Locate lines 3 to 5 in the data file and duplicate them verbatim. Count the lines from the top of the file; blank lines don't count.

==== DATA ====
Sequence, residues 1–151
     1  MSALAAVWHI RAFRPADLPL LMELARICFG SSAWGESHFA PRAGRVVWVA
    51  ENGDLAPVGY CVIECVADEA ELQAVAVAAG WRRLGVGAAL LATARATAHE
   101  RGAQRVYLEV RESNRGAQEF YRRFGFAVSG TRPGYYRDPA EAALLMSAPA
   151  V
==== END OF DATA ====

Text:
    51  ENGDLAPVGY CVIECVADEA ELQAVAVAAG WRRLGVGAAL LATARATAHE
   101  RGAQRVYLEV RESNRGAQEF YRRFGFAVSG TRPGYYRDPA EAALLMSAPA
   151  V